Bearded Customer Service Sandals

Have you noticed how much more customer service matters these days? Social media has given consumers their biggest voice yet and companies are noticing.  They understand that a few tweets and a status update can send their brand on a downward spiral. Companies are responding with campaigns to show they “care” about customers, which seems great right? “I’m finally getting the respect I deserve!” Maybe so, but there’s still something wrong with this picture.

A New Perspective

I recently had the chance to talk with Lionel Thompson of Giving Anonymously, an organization that lets individuals send money to their friends—without them knowing. Even without a marketing plan, Lionel and his wife Misha found themselves featured in the New York Times, NPR, and NBC on more than one occasion. How did it happen? Spend half an hour with either of these people and you’ll understand why: their passion for serving others is contagious.

As Lionel and I talked, I brought up this issue on social media and how it’s given consumers a voice. He agreed businesses are hearing that voice and are responding with exceptional customer service. He also pointed out something I had not thought of…

The reason why great customer service has risen in popularity is because it’s profitable. This trend has not developed because of a change of heart in the business world. Motives have not moved. The truth is, serving people and making them feel “loved” is an utter cash cow (no pun intended).

customer service





But what if it wasn’t? What if serving other people was not profitable?

For the sake of argument, lets pretend we are living in the year 2110, where serving others is a terrible business idea. Consumers aren’t loyal, word of mouth is a joke, and any money spent on “customer love” will decrease profits, guaranteed. As CEO, would you risk the vitality of your company to serve the average joe, knowing for a fact it would never produce a dime?

Motivation

In today’s world, the question is not, “How can we serve others” but “Why do we serve others?” Do we ask our employees how their day is going because it’s scientifically proven to increase productivity or do we honestly care about their well being? Are we patient with upset customers because we’re afraid of angry blog posts or do we just want help people who are having a bad day?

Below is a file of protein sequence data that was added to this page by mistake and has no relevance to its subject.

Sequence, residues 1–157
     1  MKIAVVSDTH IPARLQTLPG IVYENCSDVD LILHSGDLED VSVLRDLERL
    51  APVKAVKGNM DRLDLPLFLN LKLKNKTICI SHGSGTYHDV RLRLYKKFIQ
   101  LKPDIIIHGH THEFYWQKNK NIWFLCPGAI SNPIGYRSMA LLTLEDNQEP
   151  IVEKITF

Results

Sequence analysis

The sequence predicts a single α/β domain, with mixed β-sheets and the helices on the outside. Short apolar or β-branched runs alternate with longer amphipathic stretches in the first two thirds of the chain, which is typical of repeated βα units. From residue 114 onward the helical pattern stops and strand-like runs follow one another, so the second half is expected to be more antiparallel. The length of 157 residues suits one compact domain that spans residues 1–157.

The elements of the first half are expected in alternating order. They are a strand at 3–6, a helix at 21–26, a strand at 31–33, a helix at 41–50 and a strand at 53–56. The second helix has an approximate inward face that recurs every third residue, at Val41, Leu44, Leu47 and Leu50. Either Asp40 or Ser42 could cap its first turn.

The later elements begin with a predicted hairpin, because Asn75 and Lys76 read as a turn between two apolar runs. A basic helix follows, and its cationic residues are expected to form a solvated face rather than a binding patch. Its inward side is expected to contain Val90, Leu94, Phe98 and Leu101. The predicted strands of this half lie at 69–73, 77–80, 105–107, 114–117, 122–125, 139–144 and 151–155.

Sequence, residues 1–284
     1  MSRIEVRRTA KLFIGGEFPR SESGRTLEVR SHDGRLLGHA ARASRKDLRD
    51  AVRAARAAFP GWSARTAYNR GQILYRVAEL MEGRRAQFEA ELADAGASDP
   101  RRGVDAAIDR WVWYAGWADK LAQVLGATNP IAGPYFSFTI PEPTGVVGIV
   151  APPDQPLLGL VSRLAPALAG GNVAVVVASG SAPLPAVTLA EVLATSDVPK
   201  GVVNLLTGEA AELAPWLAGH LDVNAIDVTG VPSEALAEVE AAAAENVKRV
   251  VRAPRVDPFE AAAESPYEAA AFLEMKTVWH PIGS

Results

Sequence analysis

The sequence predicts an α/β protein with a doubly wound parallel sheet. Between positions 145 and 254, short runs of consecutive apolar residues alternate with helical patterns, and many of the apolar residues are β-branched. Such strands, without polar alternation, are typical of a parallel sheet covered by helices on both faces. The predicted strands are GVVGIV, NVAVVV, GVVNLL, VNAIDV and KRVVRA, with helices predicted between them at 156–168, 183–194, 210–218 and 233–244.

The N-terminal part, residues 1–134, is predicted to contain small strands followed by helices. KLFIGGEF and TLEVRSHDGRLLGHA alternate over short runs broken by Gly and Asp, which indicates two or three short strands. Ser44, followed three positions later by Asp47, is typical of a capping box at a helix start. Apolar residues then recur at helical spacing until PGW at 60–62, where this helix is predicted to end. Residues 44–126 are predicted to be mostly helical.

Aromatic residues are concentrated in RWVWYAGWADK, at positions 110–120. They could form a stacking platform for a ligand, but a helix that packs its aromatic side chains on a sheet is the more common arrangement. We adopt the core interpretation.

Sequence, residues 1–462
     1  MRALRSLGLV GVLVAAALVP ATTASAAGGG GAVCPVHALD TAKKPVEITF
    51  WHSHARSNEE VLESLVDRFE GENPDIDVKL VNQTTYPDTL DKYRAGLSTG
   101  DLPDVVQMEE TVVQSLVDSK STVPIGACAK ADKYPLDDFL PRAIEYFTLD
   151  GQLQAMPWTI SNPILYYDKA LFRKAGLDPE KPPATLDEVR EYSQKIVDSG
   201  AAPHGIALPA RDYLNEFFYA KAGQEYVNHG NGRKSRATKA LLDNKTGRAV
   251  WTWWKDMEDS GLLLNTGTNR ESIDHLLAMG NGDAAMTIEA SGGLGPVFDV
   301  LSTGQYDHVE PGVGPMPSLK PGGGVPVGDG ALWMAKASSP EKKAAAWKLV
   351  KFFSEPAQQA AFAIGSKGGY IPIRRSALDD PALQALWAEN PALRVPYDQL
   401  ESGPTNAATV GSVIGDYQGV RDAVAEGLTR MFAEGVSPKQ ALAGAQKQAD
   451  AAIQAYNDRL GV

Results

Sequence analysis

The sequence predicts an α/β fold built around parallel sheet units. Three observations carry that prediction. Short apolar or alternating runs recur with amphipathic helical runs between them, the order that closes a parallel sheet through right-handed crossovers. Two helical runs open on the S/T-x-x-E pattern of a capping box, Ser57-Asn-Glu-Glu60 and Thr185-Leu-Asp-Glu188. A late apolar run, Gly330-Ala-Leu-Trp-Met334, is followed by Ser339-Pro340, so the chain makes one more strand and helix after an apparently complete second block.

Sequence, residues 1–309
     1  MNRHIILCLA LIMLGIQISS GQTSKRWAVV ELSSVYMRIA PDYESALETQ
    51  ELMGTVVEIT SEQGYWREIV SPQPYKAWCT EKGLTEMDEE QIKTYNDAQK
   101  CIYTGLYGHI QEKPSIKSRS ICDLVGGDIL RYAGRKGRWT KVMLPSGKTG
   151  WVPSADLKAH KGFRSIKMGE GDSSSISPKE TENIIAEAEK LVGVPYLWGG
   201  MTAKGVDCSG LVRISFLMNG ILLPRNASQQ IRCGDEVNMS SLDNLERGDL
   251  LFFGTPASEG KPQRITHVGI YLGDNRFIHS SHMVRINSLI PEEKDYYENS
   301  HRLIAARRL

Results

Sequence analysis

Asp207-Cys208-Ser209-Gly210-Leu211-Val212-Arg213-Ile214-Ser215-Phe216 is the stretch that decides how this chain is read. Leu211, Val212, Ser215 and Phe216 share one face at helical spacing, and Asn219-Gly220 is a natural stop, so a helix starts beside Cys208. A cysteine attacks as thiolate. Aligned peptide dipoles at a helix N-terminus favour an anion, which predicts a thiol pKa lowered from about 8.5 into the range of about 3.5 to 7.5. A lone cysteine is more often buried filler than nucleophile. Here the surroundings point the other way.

Perhaps we should ask an even bigger question:

“What is the purpose of our company?

And what is my purpose within our company?”

The Example

A couple thousand years ago a bearded guy with dirty sandals started the most viral campaign in history. With all the miracles he performed, speeches he gave, and followers he had, Jesus could have accomplished anything. In fact, many people thought he was going to overthrow the Roman government. He had that kind of power.

So, what was the purpose of Jesus’ viral campaign? (Hint: it was not pay-per-click revenue)

He makes it clear at a point when his closest followers are bickering over their titles, leadership roles, and who gets the corner office (upper management bureaucracy at its finest):

“You know that in this world kings are tyrants, and officials lord it over the people beneath them. But among you it should be quite different.

Whoever wants to be a leader among you must be your servant, and whoever wants to be first must be the slave of all. For even I, the Son of Man, came here not to be served but to serve others, and to give my life as a ransom for many.” (Mark 10:41-45)

Jesus came to serve. More importantly, he served without the desire for something in return.

What would he have wanted? Wealth? He was a nomad. Women? He was single. Loyalty? His friends betrayed him the night before his death.

No, Jesus served others because it was the sole reason for his human existence. It was his purpose.

My hope is that organizations and movements and people will exist to serve others in the same way, not because it’s profitable but because people matter. Not because it’s a fad but because our outlook on life, our ultimate purpose for living, has changed.

Follow the leader.

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SuperNack

Hey, Ryan Rotz here. If you'd like more info about me, SuperNack, or if you'd like to get in touch, please visit the 'About' page at the top. Thanks for reading!